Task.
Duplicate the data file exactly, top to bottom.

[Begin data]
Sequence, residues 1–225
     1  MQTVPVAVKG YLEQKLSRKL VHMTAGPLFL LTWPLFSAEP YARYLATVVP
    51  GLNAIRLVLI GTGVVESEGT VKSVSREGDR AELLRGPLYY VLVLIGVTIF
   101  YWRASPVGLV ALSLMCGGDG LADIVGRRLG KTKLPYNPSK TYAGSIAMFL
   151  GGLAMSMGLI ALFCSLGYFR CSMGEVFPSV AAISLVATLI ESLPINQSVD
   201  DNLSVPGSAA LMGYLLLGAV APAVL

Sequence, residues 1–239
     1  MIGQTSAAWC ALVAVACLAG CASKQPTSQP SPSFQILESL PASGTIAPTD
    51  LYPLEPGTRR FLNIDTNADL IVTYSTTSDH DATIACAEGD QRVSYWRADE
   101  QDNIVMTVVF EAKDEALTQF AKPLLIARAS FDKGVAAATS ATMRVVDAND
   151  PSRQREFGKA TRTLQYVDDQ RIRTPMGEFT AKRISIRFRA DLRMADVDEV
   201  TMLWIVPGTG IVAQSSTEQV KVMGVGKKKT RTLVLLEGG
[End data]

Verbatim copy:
Sequence, residues 1–225
     1  MQTVPVAVKG YLEQKLSRKL VHMTAGPLFL LTWPLFSAEP YARYLATVVP
    51  GLNAIRLVLI GTGVVESEGT VKSVSREGDR AELLRGPLYY VLVLIGVTIF
   101  YWRASPVGLV ALSLMCGGDG LADIVGRRLG KTKLPYNPSK TYAGSIAMFL
   151  GGLAMSMGLI ALFCSLGYFR CSMGEVFPSV AAISLVATLI ESLPINQSVD
   201  DNLSVPGSAA LMGYLLLGAV APAVL

Sequence, residues 1–239
     1  MIGQTSAAWC ALVAVACLAG CASKQPTSQP SPSFQILESL PASGTIAPTD
    51  LYPLEPGTRR FLNIDTNADL IVTYSTTSDH DATIACAEGD QRVSYWRADE
   101  QDNIVMTVVF EAKDEALTQF AKPLLIARAS FDKGVAAATS ATMRVVDAND
   151  PSRQREFGKA TRTLQYVDDQ RIRTPMGEFT AKRISIRFRA DLRMADVDEV
   201  TMLWIVPGTG IVAQSSTEQV KVMGVGKKKT RTLVLLEGG